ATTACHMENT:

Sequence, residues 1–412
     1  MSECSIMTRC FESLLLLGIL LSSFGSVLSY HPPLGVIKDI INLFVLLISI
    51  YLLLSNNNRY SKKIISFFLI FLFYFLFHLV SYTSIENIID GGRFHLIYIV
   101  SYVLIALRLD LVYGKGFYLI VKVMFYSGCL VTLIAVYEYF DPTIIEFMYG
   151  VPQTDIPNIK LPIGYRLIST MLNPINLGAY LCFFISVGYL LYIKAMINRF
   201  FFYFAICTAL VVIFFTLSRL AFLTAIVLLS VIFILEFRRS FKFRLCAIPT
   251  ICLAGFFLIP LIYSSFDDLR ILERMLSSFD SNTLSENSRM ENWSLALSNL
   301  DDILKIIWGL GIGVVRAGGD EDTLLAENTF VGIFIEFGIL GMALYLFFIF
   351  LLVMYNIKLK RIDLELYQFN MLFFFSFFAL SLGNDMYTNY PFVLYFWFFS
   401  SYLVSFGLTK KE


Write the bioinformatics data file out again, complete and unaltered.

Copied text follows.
Sequence, residues 1–412
     1  MSECSIMTRC FESLLLLGIL LSSFGSVLSY HPPLGVIKDI INLFVLLISI
    51  YLLLSNNNRY SKKIISFFLI FLFYFLFHLV SYTSIENIID GGRFHLIYIV
   101  SYVLIALRLD LVYGKGFYLI VKVMFYSGCL VTLIAVYEYF DPTIIEFMYG
   151  VPQTDIPNIK LPIGYRLIST MLNPINLGAY LCFFISVGYL LYIKAMINRF
   201  FFYFAICTAL VVIFFTLSRL AFLTAIVLLS VIFILEFRRS FKFRLCAIPT
   251  ICLAGFFLIP LIYSSFDDLR ILERMLSSFD SNTLSENSRM ENWSLALSNL
   301  DDILKIIWGL GIGVVRAGGD EDTLLAENTF VGIFIEFGIL GMALYLFFIF
   351  LLVMYNIKLK RIDLELYQFN MLFFFSFFAL SLGNDMYTNY PFVLYFWFFS
   401  SYLVSFGLTK KE